Giving the drivers a permanent employee status – Most Aggregators engage drivers on a freelance basis, as opposed to engaging them as labour or as employees. This keeps the drivers outside the ambit of applicable employment and labour legislations in India, and consequently reduces the cost of operations and administration for the Aggregators significantly. However, some compliance requirements expected from the Aggregators under the Bengal Guidelines (with respect to the drivers) are such that, it gives the Aggregators a degree of administrative and financial control over the drivers (such as providing them health benefits, ensuring they adhere to a fixed number of working-hours, assessing their performance, initiating disciplinary action, bringing them within the ambit of sexual harassment at workplace legislation, etc.). This may render the relationship between the Aggregators and the drivers to be that of an employer-employee, and it may give rise to situations or claims or litigation where the drivers may claim a permanent employee status with the Aggregator. Courts in certain jurisdiction (such as the United Kingdom) have already taken a view that the relationship between the Aggregators and the drivers is that of an employer-employee, and compliance requirements under such legislation will only help in furthering the positions taken by the courts.

Data requests – The Model Legislation has created multiple avenues for requiring the Aggregators to procure, store and share data with the relevant state government, without defining what data is or explaining the nature of data that is required to be shared. An Aggregator receives multiple types of data from its drivers and customers (including but not limited to sensitive personal data and information such as credit card data, debit card data, payment interface data and passwords). While the Model Legislation states that such data will be shared by following due process of law, the Bengal Guidelines disregard the provision pertaining to adherence of due process of law and requires the Aggregators to share data as and when required by the Government of West Bengal. Similarly, the Bengal Guidelines require the Aggregator to localise all this data within West Bengal, whereas the Model Legislation merely requires localisation of the data within India. If each state government follows the West Bengal model and starts implementing similar provisions, then the Aggregators will be required to have a data centre in each state, thereby leading to significant increase in costs and potentially making the business unviable. Furthermore, the Bengal Guidelines require the Aggregators to obtain the prior consent of the customers before their data is shared, but does not require the Aggregators to obtain the prior consent of the drivers before sharing their data with the state government, thereby undermining the privacy and data protection rights of the drivers.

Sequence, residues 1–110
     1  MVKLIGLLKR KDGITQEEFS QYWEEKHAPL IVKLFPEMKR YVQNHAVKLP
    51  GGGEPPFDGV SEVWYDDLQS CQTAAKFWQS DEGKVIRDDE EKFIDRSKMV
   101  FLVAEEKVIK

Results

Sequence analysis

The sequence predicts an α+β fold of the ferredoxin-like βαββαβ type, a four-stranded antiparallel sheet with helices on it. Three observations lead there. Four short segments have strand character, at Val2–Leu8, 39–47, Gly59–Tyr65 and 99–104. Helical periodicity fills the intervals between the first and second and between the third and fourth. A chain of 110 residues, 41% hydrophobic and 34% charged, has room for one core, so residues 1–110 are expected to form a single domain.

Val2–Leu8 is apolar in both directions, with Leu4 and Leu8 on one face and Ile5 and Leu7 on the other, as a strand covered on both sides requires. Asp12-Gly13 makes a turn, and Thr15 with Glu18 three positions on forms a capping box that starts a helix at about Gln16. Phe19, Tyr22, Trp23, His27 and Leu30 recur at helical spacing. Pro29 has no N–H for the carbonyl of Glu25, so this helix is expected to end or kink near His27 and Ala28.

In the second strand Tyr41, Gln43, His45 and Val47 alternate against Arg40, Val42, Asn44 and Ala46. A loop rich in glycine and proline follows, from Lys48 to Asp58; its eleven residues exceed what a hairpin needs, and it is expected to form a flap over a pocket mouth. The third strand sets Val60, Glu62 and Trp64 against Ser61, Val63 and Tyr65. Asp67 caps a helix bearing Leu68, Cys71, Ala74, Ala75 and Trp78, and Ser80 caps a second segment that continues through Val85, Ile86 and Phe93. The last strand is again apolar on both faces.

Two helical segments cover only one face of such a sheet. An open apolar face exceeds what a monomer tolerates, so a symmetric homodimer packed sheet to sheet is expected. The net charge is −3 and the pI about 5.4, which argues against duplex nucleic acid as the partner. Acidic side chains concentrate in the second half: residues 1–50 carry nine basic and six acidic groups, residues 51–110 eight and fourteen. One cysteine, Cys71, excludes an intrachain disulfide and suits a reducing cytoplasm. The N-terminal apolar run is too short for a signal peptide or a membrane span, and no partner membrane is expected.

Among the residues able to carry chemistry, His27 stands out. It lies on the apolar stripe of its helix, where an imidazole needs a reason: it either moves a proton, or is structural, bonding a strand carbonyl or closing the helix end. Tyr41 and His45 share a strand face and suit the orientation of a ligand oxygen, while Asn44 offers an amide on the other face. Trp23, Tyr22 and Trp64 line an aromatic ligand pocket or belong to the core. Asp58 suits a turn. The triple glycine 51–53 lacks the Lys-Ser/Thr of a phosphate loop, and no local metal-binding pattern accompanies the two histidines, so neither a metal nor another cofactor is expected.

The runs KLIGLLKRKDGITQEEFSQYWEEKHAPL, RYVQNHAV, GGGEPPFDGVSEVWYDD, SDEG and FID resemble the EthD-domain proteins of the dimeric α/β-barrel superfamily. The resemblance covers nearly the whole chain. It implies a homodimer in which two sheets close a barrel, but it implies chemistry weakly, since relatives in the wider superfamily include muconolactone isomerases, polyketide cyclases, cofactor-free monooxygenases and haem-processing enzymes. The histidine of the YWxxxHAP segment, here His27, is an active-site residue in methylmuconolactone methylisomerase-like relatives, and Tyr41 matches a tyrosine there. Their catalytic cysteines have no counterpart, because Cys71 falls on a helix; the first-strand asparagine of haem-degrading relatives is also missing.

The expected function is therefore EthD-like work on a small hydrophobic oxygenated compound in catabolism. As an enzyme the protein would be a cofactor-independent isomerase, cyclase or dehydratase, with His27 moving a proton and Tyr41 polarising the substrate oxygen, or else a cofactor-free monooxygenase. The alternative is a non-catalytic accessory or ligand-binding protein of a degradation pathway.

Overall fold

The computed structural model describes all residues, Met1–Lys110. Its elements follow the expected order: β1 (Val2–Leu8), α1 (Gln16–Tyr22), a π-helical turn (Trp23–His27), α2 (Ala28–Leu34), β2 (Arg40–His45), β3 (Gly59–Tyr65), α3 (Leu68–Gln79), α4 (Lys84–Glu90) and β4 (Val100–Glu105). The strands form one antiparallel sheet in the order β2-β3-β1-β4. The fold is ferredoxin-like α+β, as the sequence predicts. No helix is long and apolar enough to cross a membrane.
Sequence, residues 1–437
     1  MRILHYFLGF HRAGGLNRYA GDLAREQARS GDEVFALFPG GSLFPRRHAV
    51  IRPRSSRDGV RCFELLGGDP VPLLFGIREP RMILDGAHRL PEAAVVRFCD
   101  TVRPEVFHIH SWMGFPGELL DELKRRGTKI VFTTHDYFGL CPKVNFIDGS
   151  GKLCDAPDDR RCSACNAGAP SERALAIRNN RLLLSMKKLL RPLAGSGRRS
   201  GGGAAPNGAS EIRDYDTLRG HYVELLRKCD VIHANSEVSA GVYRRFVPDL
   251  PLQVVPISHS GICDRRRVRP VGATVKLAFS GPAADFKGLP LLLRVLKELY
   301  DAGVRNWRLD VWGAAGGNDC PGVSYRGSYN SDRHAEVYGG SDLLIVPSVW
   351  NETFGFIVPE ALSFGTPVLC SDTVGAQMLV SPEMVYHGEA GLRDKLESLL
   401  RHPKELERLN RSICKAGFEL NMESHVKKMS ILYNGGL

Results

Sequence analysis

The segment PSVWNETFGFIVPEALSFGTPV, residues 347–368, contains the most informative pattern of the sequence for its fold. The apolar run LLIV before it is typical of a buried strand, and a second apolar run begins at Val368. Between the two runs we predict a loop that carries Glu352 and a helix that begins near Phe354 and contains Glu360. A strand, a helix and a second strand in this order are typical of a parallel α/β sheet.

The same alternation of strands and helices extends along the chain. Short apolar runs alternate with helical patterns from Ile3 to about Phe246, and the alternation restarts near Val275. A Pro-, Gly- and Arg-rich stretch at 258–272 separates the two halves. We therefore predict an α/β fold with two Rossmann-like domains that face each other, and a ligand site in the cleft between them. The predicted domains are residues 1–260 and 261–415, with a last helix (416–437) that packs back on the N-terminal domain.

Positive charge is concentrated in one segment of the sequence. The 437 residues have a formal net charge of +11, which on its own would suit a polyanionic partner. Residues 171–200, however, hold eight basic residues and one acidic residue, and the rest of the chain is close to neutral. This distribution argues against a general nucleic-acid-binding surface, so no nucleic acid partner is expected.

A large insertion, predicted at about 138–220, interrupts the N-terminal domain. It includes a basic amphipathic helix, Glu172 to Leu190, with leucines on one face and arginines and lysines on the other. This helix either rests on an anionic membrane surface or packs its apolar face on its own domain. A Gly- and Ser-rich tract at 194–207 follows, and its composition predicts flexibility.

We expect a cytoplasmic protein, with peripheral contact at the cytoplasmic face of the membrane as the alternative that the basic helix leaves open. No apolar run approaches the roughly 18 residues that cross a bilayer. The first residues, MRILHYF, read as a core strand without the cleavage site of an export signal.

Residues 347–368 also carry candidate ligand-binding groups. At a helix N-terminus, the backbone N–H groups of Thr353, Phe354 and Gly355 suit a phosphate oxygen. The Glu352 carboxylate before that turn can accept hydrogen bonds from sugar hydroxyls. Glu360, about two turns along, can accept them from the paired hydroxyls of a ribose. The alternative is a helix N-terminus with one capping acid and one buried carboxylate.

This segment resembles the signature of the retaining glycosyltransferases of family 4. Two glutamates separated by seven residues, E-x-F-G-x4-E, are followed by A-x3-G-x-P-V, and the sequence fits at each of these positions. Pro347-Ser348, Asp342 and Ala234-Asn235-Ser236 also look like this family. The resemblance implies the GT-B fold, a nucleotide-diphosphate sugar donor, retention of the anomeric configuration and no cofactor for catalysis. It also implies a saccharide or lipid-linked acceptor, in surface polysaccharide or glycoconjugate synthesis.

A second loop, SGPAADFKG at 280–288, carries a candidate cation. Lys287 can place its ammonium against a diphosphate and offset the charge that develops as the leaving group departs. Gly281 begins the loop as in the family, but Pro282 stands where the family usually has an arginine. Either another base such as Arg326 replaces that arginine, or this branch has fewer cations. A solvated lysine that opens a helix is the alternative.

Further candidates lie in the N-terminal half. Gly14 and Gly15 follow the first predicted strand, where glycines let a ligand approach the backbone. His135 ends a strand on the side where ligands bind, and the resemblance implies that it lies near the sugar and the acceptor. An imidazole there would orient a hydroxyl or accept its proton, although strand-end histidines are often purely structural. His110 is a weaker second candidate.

Redundant provisions – The Bengal Guidelines states that if a driver cancels due to medical reasons or vehicle breakdown, he shall not be allotted any rides for the next 6 (six) hours. It disregards the fact that the legislation permits drivers to operate with multiple Aggregators. Therefore, even if a driver's profile is locked by one Aggregator, he can easily switch to the other Aggregator. Unless all the Aggregators have devised a mechanism whereby blocking the profile by one Aggregator will result in blocking the driver's profile with all the other Aggregators, this provision is redundant. Also, this may erode the driver's ability to work with the Aggregator they are more comfortable with, which may not be helpful either for the Aggregators or the driver.


While the Model Legislation, Delhi Guidelines and the Bengal Guidelines are not perfect and will require fine tuning, these legislations have made an honest attempt to regulate this domain and thereby resolve several issues faced by Aggregators, drivers, and the customers. A few progressive changes brought forth by these legislations include providing a statutory basis for the drivers so that they obtain a fair share of the rides that they are undertaking, imposing a fair cap on surge pricing, lowering the base fares, taking care of the safety of the passengers, maintaining a central depository of drivers and their records, etc. However, there is an overwhelming for uniformity of the legislations across the country, with dialogue with the relevant stakeholders and better solutions for all the parties concerned.